"I Am 32 Flavors" (1998), Alana Davis, Anti-Stereotype, Class Struggle, Critical Race Theory, Derrick A. Bell, Dick Oestreicher, Evangelical Christianity, Franz Fanon, Graduate School, Humanities, JD, Karl Marx, Labeling, Labels, Leftist, Liberal, Marxist, Neo-Marxist, Pitt, Rosemary Martino, Stereotypes, W. E. B. Du Bois
Over the years, I’ve grown tired of the idea that my social, cultural, economic and political beliefs could be summed up with one or two words. Like “progressive,” “Communist,” “neo-Marxist,” “leftist,” “liberal,” and/or “Marxist.” Why? Because like so many things American (or in this case, Western), ideologues and intellectuals take the easiest path and slap overgeneralized labels on groups of people without thought, without nuance, and certainly without an understanding of both people and history.
I’ve felt this way about these labels at least since my first year of grad school in the University of Pittsburgh’s MA and PhD programs (1991-92), and likely longer than that. But in that program, I was surrounded by professors and colleagues who were various shades of Marxism. At least that’s what they claimed. More to the point, they claimed that “the class struggle” was the defining feature of both human history and US history. “The class struggle” trumped slavery and America’s racial caste system, the near eradication of indigenous cultures in the US and around the world, it trumped the exploitation and exclusion of women in Western civilizations.
I admit it. It really, really, really pissed me off to be earning my MA and beginning my doctoral work around such ignorant thinkers. They would ask me about my Marxism, and I’d say, “I’m not a Marxist. I’m not a neo-Marxist. I’m not even a Groucho Marxist.” My Pitt grad school colleagues would laugh, sometimes a little too forcefully. My professors, for the most part, ignored me, since I was an African American history student who believed that race intertwined with class to be US history’s defining feature. How scandalous!
It wasn’t that I hadn’t read Karl Marx’s and Frederick Engels’ Communist Manifesto (1848). I read it via Rosemary Martino in twelfth grade, though I can’t remember if I read it for AP English or for her Humanities Philosophy class. I’d also read Marx’s much longer Das Kapital (1867), Frantz Fanon’s Black Skin, White Masks (1952) and The Wretched of the Earth (1961), Du Bois’ The Souls of Black Folk (1903), Ralph Ellison’s Invisible Man (1952), and so many other supposedly Marxist-leaning tombs by the time I’d taken my first full semester of grad-level courses (I took my first grad course my junior year at Pitt).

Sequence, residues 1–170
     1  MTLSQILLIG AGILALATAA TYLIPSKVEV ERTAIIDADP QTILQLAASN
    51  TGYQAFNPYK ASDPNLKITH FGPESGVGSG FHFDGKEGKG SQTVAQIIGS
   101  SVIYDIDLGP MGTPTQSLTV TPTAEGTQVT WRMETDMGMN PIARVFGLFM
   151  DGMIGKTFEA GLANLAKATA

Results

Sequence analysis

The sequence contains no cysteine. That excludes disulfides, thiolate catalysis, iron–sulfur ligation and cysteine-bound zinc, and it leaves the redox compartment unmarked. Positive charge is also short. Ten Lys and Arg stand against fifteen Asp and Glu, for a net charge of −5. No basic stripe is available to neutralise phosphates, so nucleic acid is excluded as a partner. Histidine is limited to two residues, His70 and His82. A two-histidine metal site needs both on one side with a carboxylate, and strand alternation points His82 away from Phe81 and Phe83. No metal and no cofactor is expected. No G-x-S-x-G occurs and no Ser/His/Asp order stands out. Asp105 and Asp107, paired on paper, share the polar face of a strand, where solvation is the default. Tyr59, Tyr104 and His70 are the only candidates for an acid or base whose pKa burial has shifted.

I just wasn’t that impressed on the Marxism part of things. I mean, I was well acquainted with oppression, exploitation and abuse long before I’d read anything by Marx and Engels, or George Orwell in ninth grade English, for that matter. I had a contrarian Humanities classmate in JD who espoused what I considered even at the time his version of Communist gibberish all through middle school and into our sophomore year at Mount Vernon High School. So how do you label someone a Marxist or Communist who both views it with disdain and didn’t grow up quoting from it? I’d like to know.
This last question, though, is bigger than just my own experience with poverty, race, racism, child abuse, sexual assault, domestic violence, homelessness, cultish religions, and sheer willful ignorance and neglect. Historically, labeling anyone who had radical ideas about the falsities of human civilizations as civilizing the human tendency to spread inequality and oppression to the most vulnerable as Communist is a bit ahistorical, no? So-called leftists or socialists do that with Jesus and Muhammad almost every day. Maybe we should call Karl Marx an original, Asiatic Christian or original Muslim, minus the spiritual component of kneeling before God in prayer.
For me, growing up in a striving household that ended up in grinding welfare poverty didn’t make me a Communist. I went through several stages of belief, from my Mom and idiot stepfather Maurice hoisting the Hebrew-Israelite thing on me, to evangelical Christianity, to just plain Christianity, to critical race theorist adherent. I never completely gave up on capitalist democracy, because what would’ve been the point of that? By the time my son was born in 2003, I saw myself more in European terms, as either a Social Democrat or a Christian Democrats, believers in compromises and reforms from within that ameliorate the worst forms of racial, gender and other forms of oppression and poverty.
Yet even that is too big a label to hang on me or others, now and across history. What did people call those who wanted to rid the world of poverty and economic oppression prior to 1848? Or prior to the French Revolution, for that matter? Troublemakers? Radicals? Jacobites? Weird? Lunatics? To be honest, any of these terms fit me better than progressive, liberal, leftist or Marxist. Because ultimately, I don’t believe in any single economic or political belief system crafted by Homo sapiens. They’re all subject to corruption, all subject to be bent by those with the most power and resources.
So, who am I, ideologically speaking? To quote Alana Davis, “I am 32 flavors” and dim sum. Go ahead. Try to figure that out and come up with a label that fits!